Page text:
coconut cream pie

I’m working with Coach Krissie from Committed Coaching to help me get through this sacrifice and work through other spiritual and emotional challenges. I’m so very happy to have Krissie to back me up and worth with me through my physical and emotional attachment to sugar. It may sound silly to say I’m emotionally attached to dessert, but I know I am. It’s deeper than just wanting sweets because they taste good. There are emotional ties to sugar that I just can’t deny.

Wish me luck!

Do you practice Lent? What are you giving up (or adding in)?


  1. says

    I don’t generally observe Lent anymore. But this year I decided I will. I’m going to give up cheese. I think it’s causing me tummy troubles anyway. So this will kind of be a test. It will be hard. I love cheese!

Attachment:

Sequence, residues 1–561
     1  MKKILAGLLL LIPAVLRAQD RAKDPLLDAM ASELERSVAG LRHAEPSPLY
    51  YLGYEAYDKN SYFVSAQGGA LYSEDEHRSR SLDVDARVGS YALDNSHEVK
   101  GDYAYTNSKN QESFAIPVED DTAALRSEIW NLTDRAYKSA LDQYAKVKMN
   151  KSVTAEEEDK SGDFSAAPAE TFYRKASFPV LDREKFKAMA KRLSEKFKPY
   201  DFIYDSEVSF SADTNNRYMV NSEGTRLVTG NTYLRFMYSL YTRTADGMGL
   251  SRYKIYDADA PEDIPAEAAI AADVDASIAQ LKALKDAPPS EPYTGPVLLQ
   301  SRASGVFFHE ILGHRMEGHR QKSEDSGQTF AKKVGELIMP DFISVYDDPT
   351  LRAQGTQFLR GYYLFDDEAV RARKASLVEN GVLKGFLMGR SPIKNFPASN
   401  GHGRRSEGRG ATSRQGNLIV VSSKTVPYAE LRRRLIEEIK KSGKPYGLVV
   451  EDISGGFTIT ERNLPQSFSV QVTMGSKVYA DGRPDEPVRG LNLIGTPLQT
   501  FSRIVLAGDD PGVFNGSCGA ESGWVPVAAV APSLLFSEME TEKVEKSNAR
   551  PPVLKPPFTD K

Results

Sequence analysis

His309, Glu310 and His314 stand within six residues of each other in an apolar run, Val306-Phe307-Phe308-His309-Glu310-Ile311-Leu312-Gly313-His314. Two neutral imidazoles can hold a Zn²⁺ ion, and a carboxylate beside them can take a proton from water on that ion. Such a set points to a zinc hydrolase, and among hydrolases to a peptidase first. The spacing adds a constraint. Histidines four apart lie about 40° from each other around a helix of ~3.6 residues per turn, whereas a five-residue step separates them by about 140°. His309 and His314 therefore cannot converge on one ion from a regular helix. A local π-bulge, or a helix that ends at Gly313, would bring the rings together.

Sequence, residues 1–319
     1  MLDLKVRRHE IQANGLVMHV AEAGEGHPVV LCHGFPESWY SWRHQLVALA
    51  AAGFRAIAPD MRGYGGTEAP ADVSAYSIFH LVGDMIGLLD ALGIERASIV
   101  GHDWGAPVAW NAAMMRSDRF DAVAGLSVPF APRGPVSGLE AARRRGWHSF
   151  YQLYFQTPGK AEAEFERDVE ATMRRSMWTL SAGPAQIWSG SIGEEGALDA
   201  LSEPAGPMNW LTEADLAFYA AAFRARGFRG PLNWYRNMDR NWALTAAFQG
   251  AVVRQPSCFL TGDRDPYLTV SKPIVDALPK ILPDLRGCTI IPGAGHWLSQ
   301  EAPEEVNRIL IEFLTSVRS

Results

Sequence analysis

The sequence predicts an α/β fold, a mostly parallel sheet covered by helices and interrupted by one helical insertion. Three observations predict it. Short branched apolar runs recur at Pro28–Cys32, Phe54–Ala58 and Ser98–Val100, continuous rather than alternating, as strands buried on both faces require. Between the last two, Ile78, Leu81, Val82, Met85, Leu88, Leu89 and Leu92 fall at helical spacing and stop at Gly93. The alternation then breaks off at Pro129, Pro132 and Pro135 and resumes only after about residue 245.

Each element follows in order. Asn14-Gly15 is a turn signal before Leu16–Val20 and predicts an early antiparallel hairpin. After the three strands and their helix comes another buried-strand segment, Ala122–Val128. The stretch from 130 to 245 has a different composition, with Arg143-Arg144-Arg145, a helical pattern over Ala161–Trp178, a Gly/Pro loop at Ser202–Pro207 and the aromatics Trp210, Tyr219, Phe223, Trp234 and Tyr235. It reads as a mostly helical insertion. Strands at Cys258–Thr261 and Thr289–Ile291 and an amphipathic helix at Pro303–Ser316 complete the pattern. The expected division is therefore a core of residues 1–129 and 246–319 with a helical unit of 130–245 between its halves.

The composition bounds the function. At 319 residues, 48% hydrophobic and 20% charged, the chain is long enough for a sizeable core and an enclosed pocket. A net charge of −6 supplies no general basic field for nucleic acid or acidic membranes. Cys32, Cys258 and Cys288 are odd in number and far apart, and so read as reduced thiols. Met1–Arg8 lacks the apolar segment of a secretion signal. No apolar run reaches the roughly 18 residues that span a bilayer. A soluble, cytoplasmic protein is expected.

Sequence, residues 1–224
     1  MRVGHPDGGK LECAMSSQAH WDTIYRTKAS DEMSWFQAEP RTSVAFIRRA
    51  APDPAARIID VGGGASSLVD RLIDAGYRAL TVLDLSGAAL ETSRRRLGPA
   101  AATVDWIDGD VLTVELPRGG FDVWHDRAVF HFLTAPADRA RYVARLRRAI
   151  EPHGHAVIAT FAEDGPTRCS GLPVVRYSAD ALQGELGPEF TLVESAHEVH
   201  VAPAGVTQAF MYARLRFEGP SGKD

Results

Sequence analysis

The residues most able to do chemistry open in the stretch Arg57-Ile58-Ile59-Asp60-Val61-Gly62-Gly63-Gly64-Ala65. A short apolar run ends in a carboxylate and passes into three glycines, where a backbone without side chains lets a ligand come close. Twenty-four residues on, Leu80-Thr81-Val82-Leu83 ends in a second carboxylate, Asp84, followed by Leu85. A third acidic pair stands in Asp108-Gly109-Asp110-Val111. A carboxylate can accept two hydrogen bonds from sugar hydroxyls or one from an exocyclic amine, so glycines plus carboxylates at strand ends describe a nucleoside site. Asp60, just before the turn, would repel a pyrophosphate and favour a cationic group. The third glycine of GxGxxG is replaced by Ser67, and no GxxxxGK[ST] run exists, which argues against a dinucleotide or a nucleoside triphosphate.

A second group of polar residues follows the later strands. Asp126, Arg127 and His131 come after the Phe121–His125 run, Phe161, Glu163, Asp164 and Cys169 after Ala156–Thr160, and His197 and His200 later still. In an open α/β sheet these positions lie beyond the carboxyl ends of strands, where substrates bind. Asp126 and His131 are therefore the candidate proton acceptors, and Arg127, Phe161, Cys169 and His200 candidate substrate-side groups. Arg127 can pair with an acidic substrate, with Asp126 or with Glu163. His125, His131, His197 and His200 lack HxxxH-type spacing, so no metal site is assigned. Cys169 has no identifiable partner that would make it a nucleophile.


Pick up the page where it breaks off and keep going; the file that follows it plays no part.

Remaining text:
2. says

    I’ve never done the Lent thing, though I have a good idea of what to give up – complaining! #complaintfreelent all the way!

    I used to have a huge addiction to soft drinks back in high school and college. I switched to diet back in my early 20s, but I felt so awful even drinking the diet versions. I gave up all soda about 2 years ago and I feel so much better. I’ve had maybe 5 sodas since then.

    Good luck with giving up sugar!

  3. says

    Awesome, Cassie! =) That will be challenging I am sure, but the reward of knowing you did it at the end of the 40ish days will be so empowering!

    I’ve decided to give up candy AND fried potatoes(not really an issue for me until the weekend. Then I think it is OK to eat french fries and hash browns 2-3x a weekend. Yeesh) It will be challenging for SURE, but I know we can do it!